Home News Community Angelman Syndrome Foundation Walk for Children with Angelman Syndrome to be held...

Angelman Syndrome Foundation Walk for Children with Angelman Syndrome to be held May 19


The Angelman Syndrome Foundation (ASF) will host 43 Walks to raise awareness and funds nationwide, with a local Walk in St. Cloud.  More than 10,000 people will be walking for a cure for Angelman Syndrome nationwide. The Angelman Syndrome Foundation Walk will be held Saturday, May 19, 2018 at the St. Cloud Lakefront, 1104 Lakeshore Blvd St Cloud, FL 34769. The Walk is open to the public with the Check-in at 9:00am and the Walk beginning at 10:00am.

The ASF is a national nonprofit dedicated to improving the lives of individuals with Angelman syndrome and their families through education and information, research and support. The ASF National Walk raises funds for research aimed at finding treatments and a cure for Angelman syndrome, and to provide direct support to individuals with Angelman syndrome and their families or caregivers. The ASF has funded 101 research grants totaling $9.5 million. For more information about the ASF, visit www.angelman.org.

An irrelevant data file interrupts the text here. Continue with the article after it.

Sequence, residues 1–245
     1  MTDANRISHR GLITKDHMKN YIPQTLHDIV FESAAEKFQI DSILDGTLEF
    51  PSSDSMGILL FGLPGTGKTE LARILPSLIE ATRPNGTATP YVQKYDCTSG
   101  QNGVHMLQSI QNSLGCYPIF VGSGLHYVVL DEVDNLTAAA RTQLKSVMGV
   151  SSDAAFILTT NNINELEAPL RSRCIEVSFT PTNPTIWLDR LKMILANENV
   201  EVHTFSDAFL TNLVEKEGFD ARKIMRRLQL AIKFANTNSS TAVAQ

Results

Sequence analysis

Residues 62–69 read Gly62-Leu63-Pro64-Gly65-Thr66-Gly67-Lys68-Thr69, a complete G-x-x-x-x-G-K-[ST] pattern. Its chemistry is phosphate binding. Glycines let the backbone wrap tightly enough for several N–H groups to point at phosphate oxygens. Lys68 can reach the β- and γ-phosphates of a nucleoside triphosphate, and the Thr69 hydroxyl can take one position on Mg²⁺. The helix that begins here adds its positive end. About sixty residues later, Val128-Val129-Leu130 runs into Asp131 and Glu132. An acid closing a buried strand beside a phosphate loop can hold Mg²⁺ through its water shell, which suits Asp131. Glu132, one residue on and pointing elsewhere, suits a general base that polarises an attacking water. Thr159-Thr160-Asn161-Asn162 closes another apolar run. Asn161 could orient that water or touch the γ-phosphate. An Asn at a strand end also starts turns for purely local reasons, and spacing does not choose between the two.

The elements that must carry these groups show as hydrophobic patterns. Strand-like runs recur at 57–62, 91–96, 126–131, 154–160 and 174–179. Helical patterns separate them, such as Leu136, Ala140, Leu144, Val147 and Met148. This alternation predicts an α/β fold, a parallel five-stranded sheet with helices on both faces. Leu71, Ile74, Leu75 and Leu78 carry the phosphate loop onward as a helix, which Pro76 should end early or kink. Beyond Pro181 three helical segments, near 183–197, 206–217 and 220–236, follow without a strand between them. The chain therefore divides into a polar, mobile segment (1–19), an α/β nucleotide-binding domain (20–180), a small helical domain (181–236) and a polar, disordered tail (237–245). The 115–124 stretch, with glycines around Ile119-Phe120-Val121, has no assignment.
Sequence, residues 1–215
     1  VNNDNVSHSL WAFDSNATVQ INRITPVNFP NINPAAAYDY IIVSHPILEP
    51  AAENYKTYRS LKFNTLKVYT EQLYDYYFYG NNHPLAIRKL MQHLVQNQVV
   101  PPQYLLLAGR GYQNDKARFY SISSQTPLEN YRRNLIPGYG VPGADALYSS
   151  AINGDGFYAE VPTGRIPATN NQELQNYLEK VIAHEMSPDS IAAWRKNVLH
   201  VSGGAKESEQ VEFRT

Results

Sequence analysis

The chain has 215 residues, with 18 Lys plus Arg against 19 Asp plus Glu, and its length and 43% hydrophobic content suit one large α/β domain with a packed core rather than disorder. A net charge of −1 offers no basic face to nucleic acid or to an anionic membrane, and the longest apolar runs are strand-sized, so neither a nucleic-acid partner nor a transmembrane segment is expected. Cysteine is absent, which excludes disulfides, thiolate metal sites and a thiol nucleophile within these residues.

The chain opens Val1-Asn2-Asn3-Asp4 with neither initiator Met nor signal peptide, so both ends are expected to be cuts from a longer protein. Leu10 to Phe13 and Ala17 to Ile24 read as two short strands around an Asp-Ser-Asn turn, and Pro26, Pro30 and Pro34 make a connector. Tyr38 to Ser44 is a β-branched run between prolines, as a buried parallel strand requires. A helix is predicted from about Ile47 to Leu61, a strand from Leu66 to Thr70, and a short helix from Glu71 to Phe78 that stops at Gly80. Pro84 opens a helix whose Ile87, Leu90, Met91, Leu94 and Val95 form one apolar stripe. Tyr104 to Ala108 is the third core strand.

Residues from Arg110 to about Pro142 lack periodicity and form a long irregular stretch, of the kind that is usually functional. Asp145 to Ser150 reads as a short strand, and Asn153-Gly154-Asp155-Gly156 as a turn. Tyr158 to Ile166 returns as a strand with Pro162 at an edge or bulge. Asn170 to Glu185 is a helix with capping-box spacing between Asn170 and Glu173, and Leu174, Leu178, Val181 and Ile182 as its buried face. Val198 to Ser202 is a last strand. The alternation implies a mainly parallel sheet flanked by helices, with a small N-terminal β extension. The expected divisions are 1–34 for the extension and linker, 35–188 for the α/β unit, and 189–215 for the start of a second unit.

“As a parent of a child with Angelman syndrome, I know first-hand the beautiful moments and the immense struggles of raising an individual with this disorder—and I want to do everything I can to help other families who are experiencing life with Angelman syndrome,” said Lizzie Sordia. “I am looking forward to rallying the community in support of the Angelman Syndrome Foundation, which has made a difference in my life and works to support everyone impacted by this disorder.”

Angelman syndrome is caused by the loss of function of a particular gene during fetal development, resulting in severe neurological impairment present at birth and lasting for a lifetime. Symptoms vary and include severe developmental delays, speech impairments, seizures, walking and balance disorders, and frequent laughter and excitability. While there is no definitive count, it is estimated that Angelman syndrome occurs in one in every 15,000 live births.